I don’t know what’s on the inside of my lower lip. It looks like a blister, but it doesn’t hurt. The lack of pain is reassuring, as it doesn’t seem necessary to go to the doctor, but the comparable grossness of the affliction keeps me from looking it up online, because the first step toward realizing bodily grossness is acknowledging body grossness.
But then, I do look it up. “Mucocele” seems to fit the symptoms. A mucous cyst. Which is good because they’re benign and reported to go away on their own. It’s bad because there are few things less sexy than a mucous cyst.
And sexiness is key, because my wife, Jessica, and I are on our way to Julian for a getaway to celebrate our wedding anniversary. A couple weeks prior, she admitted “dreading” our anniversary, which, honestly, is a totally legit thing to dread. Besides Valentine’s Day, there isn’t another day where the natural affection inherent in a relationship feels more forced.
But you can’t just abandon these traditions, no matter how commercially co-opted or hegemony reinforcing they are. It becomes my mission to give Jessica a decent anniversary, to force her to see how great our relationship is.
I suspect the stress of this mission has manifested in the form of the mucocele. Having experienced everything from prolonged eyelid twitches to armpit acne, I’ve realized that my body’s just full of surprises during periods of duress. That I can’t leave it alone long enough for it to go away is a sign of my perpetual nervousness.
The smooth drive on Interstate 8 becomes the winding 79. High desert heat overtakes the saltiness of the city. I keep tonguing the cyst.
There’s really no reason I choose Julian as the place to spend our anniversary—it doesn’t hold any kind of special meaning for us. To be honest, there might be more selfishness in this choice than I care to admit. Having grown up in a place with actual seasons, I still bristle at the thought of embracing San Diego’s lack thereof. I will never get used to it. I will ride my high horse into a stack of seasonal Starbucks cups—our only real method of determining what time of the year we’re in—before I sing the praises of Endless Summer.
Julian, on the other hand, has seasons! Sort of! This getaway, in my mind, is an effort to evoke the nostalgic romance of seasonal change in Jessica. Plus, Julian is quaint as fuck, and if the combination of romance, nostalgia and quaintness doesn’t smooth over the idea of another year spent with me, then I’m screwed.
We pull up to the Julian Gold Rush Hotel in the golden afternoon. I love Julian—both for its beguiling small-townness and the unsettling inauthenticity that underlies such feeling. The town feels like a Disney park where Big City folk can dabble in quaintness. That exaggerated charm also causes an eerie cognitive dissonance, which makes every trip to Julian feel a little bit like The Twilight Zone. Oh, and I also love Julian for its enthusiasm-that-borders-on-hysteria for apples.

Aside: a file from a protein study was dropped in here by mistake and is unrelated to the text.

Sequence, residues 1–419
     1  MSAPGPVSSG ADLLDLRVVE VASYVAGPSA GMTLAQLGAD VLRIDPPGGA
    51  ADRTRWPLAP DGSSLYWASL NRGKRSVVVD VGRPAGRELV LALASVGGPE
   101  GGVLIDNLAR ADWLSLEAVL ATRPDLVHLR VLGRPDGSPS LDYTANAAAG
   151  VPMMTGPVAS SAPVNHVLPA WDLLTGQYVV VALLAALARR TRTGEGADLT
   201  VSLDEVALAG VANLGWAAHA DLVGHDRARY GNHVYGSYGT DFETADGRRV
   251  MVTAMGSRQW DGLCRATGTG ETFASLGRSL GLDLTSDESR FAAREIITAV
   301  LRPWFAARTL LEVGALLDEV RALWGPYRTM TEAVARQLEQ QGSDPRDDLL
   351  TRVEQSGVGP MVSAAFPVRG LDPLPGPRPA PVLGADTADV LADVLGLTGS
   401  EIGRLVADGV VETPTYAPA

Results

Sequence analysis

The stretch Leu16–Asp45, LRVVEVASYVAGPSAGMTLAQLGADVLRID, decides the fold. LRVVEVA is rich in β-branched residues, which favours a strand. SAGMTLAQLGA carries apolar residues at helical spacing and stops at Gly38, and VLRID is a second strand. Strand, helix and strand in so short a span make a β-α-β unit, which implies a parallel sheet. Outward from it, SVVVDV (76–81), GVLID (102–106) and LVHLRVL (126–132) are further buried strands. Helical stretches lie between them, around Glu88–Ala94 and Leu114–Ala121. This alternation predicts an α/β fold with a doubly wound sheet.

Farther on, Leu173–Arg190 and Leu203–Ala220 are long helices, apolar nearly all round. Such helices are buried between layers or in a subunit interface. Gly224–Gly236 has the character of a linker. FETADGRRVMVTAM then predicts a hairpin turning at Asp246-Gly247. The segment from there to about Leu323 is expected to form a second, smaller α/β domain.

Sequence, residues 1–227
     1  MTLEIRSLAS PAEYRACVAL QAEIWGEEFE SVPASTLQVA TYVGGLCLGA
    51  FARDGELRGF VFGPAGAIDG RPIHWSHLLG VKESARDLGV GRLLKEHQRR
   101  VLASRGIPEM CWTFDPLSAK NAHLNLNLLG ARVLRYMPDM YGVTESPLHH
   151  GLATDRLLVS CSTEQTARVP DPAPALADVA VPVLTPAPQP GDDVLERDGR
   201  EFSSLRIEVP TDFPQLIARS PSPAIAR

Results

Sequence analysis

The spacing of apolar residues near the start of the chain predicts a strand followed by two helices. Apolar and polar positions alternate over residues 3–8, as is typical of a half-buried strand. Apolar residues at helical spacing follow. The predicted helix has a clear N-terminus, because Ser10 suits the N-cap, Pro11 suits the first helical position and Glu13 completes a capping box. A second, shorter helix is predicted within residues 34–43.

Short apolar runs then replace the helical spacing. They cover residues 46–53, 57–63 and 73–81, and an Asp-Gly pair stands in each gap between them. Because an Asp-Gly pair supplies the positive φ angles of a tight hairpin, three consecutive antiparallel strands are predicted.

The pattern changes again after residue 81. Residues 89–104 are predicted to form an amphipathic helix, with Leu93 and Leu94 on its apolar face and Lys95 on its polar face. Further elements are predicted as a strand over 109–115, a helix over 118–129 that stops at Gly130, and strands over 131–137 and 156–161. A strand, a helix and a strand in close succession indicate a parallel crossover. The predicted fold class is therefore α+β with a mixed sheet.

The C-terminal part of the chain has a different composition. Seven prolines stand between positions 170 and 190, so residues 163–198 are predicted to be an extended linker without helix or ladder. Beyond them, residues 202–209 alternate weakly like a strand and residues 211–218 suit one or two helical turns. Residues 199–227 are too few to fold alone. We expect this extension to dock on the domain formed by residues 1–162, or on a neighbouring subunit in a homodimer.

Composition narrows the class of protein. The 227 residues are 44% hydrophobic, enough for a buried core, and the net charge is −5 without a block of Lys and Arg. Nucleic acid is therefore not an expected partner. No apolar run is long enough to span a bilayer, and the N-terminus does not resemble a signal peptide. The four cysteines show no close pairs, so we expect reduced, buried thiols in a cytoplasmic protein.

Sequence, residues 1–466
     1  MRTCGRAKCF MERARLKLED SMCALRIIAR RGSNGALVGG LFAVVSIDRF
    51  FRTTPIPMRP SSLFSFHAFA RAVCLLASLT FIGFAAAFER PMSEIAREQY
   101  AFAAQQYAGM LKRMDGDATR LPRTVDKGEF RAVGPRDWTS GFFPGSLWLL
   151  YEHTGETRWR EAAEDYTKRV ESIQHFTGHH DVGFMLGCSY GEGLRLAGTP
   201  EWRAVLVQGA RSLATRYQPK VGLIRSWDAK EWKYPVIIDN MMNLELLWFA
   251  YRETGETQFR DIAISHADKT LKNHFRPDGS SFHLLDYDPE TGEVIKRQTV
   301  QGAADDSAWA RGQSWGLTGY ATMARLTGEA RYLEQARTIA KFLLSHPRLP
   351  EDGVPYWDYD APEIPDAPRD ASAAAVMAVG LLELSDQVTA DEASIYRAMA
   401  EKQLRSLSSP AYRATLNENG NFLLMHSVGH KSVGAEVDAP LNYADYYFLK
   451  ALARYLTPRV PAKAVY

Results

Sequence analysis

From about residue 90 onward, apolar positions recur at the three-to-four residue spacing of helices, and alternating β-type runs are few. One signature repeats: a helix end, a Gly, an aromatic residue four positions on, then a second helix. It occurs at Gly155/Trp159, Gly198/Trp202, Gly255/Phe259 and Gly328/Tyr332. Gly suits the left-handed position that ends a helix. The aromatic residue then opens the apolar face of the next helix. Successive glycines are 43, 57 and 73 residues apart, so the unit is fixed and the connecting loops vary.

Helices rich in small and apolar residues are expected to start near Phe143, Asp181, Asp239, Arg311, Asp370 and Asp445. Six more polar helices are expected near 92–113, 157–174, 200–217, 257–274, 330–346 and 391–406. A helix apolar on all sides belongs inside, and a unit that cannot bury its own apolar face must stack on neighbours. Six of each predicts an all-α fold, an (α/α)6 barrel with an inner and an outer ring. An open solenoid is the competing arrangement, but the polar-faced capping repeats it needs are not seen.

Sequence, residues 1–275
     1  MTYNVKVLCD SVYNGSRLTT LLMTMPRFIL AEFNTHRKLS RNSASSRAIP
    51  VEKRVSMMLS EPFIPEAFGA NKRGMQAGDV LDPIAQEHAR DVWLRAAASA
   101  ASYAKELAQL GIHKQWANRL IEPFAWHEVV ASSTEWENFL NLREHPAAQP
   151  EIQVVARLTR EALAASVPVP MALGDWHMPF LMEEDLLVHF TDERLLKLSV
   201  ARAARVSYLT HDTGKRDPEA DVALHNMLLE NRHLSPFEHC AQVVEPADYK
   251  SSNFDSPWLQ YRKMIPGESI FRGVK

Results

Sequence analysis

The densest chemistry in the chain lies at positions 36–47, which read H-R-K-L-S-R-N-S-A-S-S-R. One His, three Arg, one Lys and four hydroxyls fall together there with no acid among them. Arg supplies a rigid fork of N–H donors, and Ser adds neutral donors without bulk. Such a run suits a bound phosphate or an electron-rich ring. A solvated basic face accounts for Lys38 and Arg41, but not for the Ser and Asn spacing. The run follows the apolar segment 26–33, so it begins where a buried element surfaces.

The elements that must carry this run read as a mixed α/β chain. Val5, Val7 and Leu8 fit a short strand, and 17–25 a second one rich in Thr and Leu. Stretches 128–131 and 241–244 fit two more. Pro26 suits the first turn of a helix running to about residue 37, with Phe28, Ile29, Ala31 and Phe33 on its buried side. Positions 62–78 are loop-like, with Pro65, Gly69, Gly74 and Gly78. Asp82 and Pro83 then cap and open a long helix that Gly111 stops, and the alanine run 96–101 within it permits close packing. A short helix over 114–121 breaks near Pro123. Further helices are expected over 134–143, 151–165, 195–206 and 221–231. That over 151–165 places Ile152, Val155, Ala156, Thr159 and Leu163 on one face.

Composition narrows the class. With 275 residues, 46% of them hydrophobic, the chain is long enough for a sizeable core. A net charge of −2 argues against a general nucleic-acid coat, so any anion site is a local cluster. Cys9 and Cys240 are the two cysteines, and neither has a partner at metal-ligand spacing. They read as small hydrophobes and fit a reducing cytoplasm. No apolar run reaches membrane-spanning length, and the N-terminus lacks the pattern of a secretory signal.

I look up at the historic hotel’s sign and read “Free Wi-Fi.” I can’t help feeling an acute sting of hate at it for taking me out of the fantasy. My tongue finds its way back to the lip.
The next morning, the hotel serves waffles with browned apples on top.
“What if I asked for no apples in this town?” Jessica asks.
We both agree: “Jail.”
A hotel employee appears to clear our plates, as if joking about apples is akin to summoning Candyman in this town. Her brusque, off-kilter skittishness seems to be the product of working in this uncanny place.
“You going to Apple Days Festival?” she asks. “It’s just out at the winery. It’s real fun.”
She doesn’t even have to qualify the “fun” of Apple Days Festival. She could’ve said just said “Apple Days Festival” and we’d have asked, “Where??” It sounds like a fake event—the peak exploitation of Julian’s quaintness. If this were a movie, this is the type of event that the mayor would insist on upholding despite the sheriff warnings of a dangerous animal that poses a threat to attendees. “It’s our busiest day of the year!”
Yes, of course we’re going to Apple Days Festival.
We drive to Menghini Winery, about three miles out of town. Attendants direct us to the overflow lot. Apple Days has just begun and it’s already overflowing with apple enthusiasts.
Being at a festival solely devoted to apples, I undergo this remarkable transformation where I suddenly can’t care about anything besides apples. How could anyone ever think to eat another non-apple? There’s an apple pie contest. There’s an apple orchard where you can pick your own apples. There’s even apple beer! I drink the apple beer. It’s 10 a.m. People sit on hay bales in the shade. Pumpkins litter the grass. Kids throw beanbags at carnival games. There’s even a fiddler providing music. The MC for the festival, Riley Boland—a youngish, townie-like fellow—stokes my applethusiasm by pretending not to hear us when he asks if we’re excited about Apple Days.
“I can’t hear you!” he says.
“Gaaah!” we yell, rabid with apple fever.
It’s the autumn I’ve always wanted. The lip thing is still there, but it feels a little smaller than the day before. I quickly forget about it. I look to Jessica. She’s smiling.
“We should make this a yearly thing,” she says. “C’mon. Let’s go pick some apples.”